Nanobiomimetic strategies for medicine

(Nanowerk Spotlight) The defenses of the body's immune system tend to destroy synthetic nanoparticles and frequently they are captured and removed from the body within few minutes. This, of course, is a major barrier to the use of nanotechnology in medicine.
In order to evade the host immune response, researchers have demonstrated that the combination of nanomaterials and biomimetic strategies can change diverse nanomaterials from 'distinguishable state' to 'camouflage state'. For instance, by 'cloaking' the therapeutic nanoparticles with cell membranes, e.g., by disguising nanoparticles as red blood cells, they often can survive for hours unharmed (read more in our previous Nanowerk Spotlight: "Cell membrane coating as a platform nanotechnology for medicine").
The development of this kind of biomimetic strategies has become a highly active research field with the goal of developing clinically valuable materials and technologies for nanomedicine applications.
A recent review in Advanced Functional Materials ("Nanobiomimetic Medicine") systematically summarizes and discusses the latest progresses on this profound technology, ranging from their construction and modification, to their widespread and versatile nanomedical applications including bioimaging, drug delivery, cancer diagnosis and therapeutics, and tissue engineering.
A brief timeline for the development of biomimetic technology
A brief timeline for the development of biomimetic technology. (Reprinted with permission by Wiley-VCH Verlag) (click on image to enlarge)
The authors provide an in-depth insight into the relationship between biomimetic preparation strategy (top-down and bottom-up), modification methodology (size, shape, and surface engineering) and biological functions of nanomedicines and biomaterials in order to detail the distinct properties of biomimetic materials for the development of nanobiomimetic medicine.
Biomimetic materials have been extensively explored in the field of diagnostics, therapeutics, and tissue engineering including biomimetic hydrogels, biomimetic liposomes, biomimetic micelles, biomimetic polymer, biomimetic ceramics (hydroxyapatite), high-density lipoproteins (HDLs), and biomimetic nanostructures such as nanoparticles, nanotubes, and nanofibers.
Schematic illustration of nanobiomimetic medicine in diagnostic imaging, cancer therapy, and tissue engineering
Schematic illustration of nanobiomimetic medicine in diagnostic imaging, cancer therapy, and tissue engineering. (Reprinted with permission by Wiley-VCH Verlag)
Scientists consider the precise modulation of the crucial structural parameters – particle size, shape, and surface status – as the most effective strategies for the development of desirable biomimetic nanosystems. The review addresses all three parameters in detail.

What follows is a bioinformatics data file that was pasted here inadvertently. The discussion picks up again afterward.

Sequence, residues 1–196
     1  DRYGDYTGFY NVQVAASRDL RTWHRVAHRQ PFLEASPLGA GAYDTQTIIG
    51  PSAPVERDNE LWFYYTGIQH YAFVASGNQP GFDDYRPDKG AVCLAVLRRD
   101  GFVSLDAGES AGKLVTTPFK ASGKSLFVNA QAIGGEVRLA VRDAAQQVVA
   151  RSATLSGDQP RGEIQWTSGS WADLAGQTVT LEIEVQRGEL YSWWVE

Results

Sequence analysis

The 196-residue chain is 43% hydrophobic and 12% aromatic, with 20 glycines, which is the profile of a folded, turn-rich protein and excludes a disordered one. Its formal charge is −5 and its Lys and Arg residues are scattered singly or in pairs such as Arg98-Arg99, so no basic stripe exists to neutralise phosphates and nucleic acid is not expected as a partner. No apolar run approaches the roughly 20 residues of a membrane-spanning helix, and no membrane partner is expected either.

Biomimetic strategies have emerged as promising approaches to nanomedicine drug delivery in cancer treatments. Nanodrug delivery systems including nanoparticles, liposomes, and micelles are able to achieve precise drug delivery through controllable release and passively target processes utilizing the enhanced permeability and retention (EPR) effect.
Clinical applications of these systems are hampered, though, by a number of obstacles such as immune clearance, biocompatibility, toxicity and biodistribution profiles. Addressing strategies to overcome these challenges, this review comprehensively summarizes recent advances in the research of nanobiomimetic medicine, highlighting the relationship between biomimetics and nanomedicine, and deepening the understanding of biomimetic strategies.

Biomimetic drug delivery

This is very biomimetic cancer drug delivery shows its advantages. They include biomimetic membrane encapsulation approaches containing erythrocyte membrane-based, platelet membrane-based, cancer cell membrane-based, macrophage membrane-based, and stem cell membrane-based biomimetic drug delivery systems. Again, details for each approach are included in the review.

Biomimetic nanozyme therapy

Another recent approach in cancer medicine are nanozymes – nanoparticles that mimic catalytic sites of natural enzymes and are able to selectively triggering specific catalytic reactions. So far, researchers have successfully developed peroxidase-mimic, catalase-mimic, oxidase-mimic, and superoxide dismutase-mimic nanozymes for biomedical applications.